clock menu more-arrow no yes mobile

Filed under:

Breaking down the Laval Rocket defence this season

A few moves this week have shuffled the defensive core in Laval

Minnesota Wild v Boston Bruins Photo by Maddie Meyer/Getty Images

While the Canadiens have had their roster locked in place for a little while now, the status of the Laval Rocket has been a bit more up in the air. Simon Despres was released from his PTO in Montreal and was assumed that he might be heading for Laval after he was offered an AHL contract. He however remains unsigned.

Brett Lernout cleared waivers earlier last week, and was assigned to the team alongside Rinat Valiev, David Sklenička and Michal Moravčík to make up a chunk of the Rocket roster. The bottom part of the grouping was made up of T.J. Melancon, Adam Plant, Matt Taormina and Maxim Lamarche. With that depth, the competition for spots was heavy, especially factoring in the 19-year-old Cale Fleury who was also part of the Rocket preseason camp and games.

So the Canadiens went out and made moves to create space across the roster, including almost entirely revamping their defensive group heading into their opening game of the season. They shipped both Valiev and Taormina to Calgary for Brett Kulak, and due to Kulak already clearing waivers he would join the team in Laval right away.

While losing the offensive presence of Taormina stings at the AHL, Kulak is not only younger, but with a much better defensive game and NHL potential. Compared to both Valiev and Taormina, the 24-year-old has more NHL experience. That is a crucial piece for a team that is currently centered around rebuilding with youth.

That wouldn’t be the end of the moves this week either, as Marc Bergevin had two more transactions hidden up his sleeves. Heading into their season debut speedy rookie Will Bitten was traded to Minnesota for Gustav Olofsson in a bit of a surprising move for many. Bitten had a solid showing in the rookie showcase, while Olofsson had been waived by the Wild earlier that week.

Olofsson is not a super flashy player, his scouting report from Elite Prospects says that he “Skates well and plays the body, quite unspectacular and prefers to make the easy play.”

Despite this, he has some decent numbers at the AHL level in terms of production and at just 23 years old has room to grow further as a player. He’s battled some injuries since turning pro and thanks to the depth in Minnesota he was boxed out of a regular spot, so much like Mike Reilly last year he could blossom a bit in Montreal with regular playing time going forward.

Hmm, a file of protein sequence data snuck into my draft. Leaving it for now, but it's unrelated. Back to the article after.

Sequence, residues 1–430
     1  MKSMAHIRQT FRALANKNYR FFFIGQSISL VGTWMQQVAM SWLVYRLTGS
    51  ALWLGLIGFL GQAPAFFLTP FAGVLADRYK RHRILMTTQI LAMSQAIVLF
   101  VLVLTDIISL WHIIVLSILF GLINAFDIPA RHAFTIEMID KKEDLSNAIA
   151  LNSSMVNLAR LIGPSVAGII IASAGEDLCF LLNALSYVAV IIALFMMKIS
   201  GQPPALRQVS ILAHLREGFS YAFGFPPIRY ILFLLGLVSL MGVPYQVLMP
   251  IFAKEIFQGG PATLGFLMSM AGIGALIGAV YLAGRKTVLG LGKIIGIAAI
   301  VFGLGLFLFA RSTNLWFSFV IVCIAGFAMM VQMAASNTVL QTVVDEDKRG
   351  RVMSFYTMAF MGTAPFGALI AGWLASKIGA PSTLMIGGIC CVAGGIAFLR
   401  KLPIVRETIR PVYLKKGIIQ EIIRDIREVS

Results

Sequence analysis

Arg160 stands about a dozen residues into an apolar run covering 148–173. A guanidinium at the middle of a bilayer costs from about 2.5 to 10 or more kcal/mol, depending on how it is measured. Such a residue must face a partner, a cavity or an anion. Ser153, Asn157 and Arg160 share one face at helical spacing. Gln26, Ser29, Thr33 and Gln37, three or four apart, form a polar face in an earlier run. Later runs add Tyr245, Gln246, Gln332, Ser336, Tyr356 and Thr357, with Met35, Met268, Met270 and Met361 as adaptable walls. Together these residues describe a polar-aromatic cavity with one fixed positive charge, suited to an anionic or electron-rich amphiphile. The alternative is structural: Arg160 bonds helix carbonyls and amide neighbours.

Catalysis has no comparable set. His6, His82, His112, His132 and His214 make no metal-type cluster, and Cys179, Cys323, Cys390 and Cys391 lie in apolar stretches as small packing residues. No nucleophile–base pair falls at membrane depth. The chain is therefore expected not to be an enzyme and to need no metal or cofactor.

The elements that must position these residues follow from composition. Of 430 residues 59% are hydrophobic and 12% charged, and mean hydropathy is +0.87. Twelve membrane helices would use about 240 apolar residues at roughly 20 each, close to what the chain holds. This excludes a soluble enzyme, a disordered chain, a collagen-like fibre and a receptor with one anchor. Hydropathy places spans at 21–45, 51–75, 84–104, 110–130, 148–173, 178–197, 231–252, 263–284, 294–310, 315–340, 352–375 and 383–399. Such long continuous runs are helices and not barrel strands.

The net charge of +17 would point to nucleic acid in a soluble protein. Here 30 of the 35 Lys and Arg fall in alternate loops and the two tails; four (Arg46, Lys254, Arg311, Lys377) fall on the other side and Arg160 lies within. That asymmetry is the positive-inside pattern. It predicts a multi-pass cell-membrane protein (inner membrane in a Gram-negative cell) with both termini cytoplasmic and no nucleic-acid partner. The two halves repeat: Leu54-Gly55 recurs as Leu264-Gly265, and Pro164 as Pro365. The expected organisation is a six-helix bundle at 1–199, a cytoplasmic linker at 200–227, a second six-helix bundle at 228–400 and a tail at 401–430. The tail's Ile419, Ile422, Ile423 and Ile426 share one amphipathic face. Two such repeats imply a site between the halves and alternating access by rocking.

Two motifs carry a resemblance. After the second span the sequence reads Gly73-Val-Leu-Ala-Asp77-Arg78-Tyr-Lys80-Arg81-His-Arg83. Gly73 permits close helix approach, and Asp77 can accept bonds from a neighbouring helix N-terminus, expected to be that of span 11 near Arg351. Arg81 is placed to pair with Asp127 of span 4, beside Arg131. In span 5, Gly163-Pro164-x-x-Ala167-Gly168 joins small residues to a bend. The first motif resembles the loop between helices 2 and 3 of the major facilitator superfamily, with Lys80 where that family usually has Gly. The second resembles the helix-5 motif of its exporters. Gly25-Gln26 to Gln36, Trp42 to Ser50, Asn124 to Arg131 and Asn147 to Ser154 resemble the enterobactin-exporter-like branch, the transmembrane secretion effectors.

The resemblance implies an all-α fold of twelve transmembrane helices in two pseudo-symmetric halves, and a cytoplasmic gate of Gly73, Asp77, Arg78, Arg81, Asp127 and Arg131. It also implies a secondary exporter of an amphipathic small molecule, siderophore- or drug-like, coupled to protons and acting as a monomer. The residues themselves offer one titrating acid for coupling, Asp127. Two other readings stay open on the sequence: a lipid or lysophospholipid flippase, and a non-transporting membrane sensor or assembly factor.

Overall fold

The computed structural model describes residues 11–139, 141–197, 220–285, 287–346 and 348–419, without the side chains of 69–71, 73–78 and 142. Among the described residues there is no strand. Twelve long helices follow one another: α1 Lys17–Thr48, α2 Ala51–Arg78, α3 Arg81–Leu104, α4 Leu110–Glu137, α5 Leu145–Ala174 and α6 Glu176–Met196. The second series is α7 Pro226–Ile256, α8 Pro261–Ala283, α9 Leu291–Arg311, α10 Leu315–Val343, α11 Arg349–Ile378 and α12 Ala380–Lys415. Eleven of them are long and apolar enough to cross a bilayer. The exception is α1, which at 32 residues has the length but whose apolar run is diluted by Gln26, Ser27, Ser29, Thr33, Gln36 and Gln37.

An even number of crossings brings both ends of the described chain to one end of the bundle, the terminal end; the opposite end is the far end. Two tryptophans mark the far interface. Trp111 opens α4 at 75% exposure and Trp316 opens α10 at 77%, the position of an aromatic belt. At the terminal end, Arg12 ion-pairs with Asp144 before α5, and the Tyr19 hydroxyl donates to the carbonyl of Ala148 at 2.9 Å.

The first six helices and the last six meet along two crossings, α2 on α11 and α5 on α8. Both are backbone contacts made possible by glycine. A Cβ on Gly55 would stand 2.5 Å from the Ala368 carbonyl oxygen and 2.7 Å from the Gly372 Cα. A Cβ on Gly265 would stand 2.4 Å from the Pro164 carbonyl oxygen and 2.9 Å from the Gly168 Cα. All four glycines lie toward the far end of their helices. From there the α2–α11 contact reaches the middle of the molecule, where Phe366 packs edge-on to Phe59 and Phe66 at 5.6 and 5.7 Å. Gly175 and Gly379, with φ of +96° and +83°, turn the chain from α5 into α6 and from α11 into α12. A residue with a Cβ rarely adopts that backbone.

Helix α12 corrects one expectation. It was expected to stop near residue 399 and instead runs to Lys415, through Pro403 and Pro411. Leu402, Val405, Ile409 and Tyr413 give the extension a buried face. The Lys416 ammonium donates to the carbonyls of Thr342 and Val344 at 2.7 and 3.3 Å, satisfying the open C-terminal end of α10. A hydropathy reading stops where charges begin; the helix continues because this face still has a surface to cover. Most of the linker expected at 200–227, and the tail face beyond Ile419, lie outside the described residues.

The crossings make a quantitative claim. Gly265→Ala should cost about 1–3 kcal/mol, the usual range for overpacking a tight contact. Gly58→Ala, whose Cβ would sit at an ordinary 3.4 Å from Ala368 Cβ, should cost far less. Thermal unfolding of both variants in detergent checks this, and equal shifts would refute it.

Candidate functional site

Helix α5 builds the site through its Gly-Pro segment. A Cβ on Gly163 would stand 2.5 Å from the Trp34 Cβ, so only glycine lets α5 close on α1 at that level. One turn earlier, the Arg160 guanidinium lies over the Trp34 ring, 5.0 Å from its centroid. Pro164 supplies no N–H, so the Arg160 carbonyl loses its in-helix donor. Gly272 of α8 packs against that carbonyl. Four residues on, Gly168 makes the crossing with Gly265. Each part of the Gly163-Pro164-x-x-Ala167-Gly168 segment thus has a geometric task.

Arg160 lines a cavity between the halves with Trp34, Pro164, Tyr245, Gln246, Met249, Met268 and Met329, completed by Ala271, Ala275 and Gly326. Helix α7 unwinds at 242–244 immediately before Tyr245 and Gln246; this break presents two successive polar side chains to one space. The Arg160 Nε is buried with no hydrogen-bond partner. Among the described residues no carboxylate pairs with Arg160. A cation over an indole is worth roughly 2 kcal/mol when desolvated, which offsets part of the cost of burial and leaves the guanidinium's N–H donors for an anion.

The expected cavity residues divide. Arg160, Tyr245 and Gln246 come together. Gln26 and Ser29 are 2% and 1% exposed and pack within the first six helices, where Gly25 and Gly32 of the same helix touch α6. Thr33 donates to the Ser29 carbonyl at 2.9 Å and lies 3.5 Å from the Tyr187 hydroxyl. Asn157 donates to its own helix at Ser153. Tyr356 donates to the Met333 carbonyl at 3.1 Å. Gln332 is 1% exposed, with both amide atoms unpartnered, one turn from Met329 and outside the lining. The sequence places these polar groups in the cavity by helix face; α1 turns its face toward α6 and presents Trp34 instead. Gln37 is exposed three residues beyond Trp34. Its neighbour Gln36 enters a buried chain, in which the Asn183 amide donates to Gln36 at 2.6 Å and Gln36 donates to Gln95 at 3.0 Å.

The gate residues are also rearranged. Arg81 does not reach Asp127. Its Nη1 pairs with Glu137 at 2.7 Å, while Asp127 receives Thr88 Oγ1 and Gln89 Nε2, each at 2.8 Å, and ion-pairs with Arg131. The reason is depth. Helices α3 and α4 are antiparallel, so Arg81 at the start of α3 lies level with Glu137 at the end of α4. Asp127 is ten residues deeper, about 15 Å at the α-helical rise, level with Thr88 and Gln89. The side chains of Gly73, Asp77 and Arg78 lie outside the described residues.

The result of these moves is an insanely deep left side of the defence in Laval, with Kulak, Olofsson, Sklenička,and Moravčík all shooting from the same side. For comparison on the right side, the only player locked into a spot was Brett Lernout, potentially leaving Lamarche and Melancon to fill in the other two spots. Melancon had great success in the ECHL last year, and is familiar with head coach Joel Bouchard, while Lamarche bounced between the ECHL and AHL in the Flyers organization. Not exactly a surefire group, so to supplement this group the Canadiens signed 2017 draft pick Cale Fleury to an entry level contract.

It’s a major chance for Fleury to step up after a successful year in the WHL last year where he was a huge part of the Regina Pats season, and their Memorial Cup final appearance. While the Canadiens right side is also loaded up right now, any injuries could provide a fantastic chance for him to maybe make an impact at the next level as well.

That leaves the group on defence looking something like this, though this is not in any particular order, and things will likely change nightly as they so often do in the AHL.

2018-19 Laval Rocket Defence

Left Defence Right Defence
Left Defence Right Defence
Brett Kulak Brett Lernout
Michal Moravcik Cale Fleury
Gustav Olofsson T.J. Melancon
David Sklenicka Maxim Lamarche
Adam Plant
Ryan Culkin

The defensive group as a whole is fairly young as a whole, with the oldest player in the group being Lamarche who is just 26. Overall, they have an average age of just under 23 years old, and in a hockey world that’s leaning more on developing young players this is a great sign.

They aren’t the flashiest group, but many of them are players who are also looking to make the full time NHL jump in the future. Kulak, Olofsson, Lernout and Fleury could all realistically be in the NHL at any point this year, and the same goes for Sklenička,and Moravčík.

It’s a new staff that has a very good track record in the CHL of developing young players, and that is great for a group looking to find that next level in their game and try to become a full-time NHL players.